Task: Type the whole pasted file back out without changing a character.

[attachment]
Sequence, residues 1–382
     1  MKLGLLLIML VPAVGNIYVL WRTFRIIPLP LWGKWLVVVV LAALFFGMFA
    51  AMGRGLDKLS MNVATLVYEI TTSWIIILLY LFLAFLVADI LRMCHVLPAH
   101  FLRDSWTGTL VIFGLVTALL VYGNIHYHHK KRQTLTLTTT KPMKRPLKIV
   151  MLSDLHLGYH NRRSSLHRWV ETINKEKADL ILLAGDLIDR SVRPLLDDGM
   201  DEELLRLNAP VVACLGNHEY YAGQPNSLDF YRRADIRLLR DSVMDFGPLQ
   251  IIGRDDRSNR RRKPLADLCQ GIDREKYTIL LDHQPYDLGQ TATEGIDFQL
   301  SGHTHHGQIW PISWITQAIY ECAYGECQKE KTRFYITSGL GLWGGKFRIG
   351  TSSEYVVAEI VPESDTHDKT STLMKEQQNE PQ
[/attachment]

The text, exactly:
Sequence, residues 1–382
     1  MKLGLLLIML VPAVGNIYVL WRTFRIIPLP LWGKWLVVVV LAALFFGMFA
    51  AMGRGLDKLS MNVATLVYEI TTSWIIILLY LFLAFLVADI LRMCHVLPAH
   101  FLRDSWTGTL VIFGLVTALL VYGNIHYHHK KRQTLTLTTT KPMKRPLKIV
   151  MLSDLHLGYH NRRSSLHRWV ETINKEKADL ILLAGDLIDR SVRPLLDDGM
   201  DEELLRLNAP VVACLGNHEY YAGQPNSLDF YRRADIRLLR DSVMDFGPLQ
   251  IIGRDDRSNR RRKPLADLCQ GIDREKYTIL LDHQPYDLGQ TATEGIDFQL
   301  SGHTHHGQIW PISWITQAIY ECAYGECQKE KTRFYITSGL GLWGGKFRIG
   351  TSSEYVVAEI VPESDTHDKT STLMKEQQNE PQ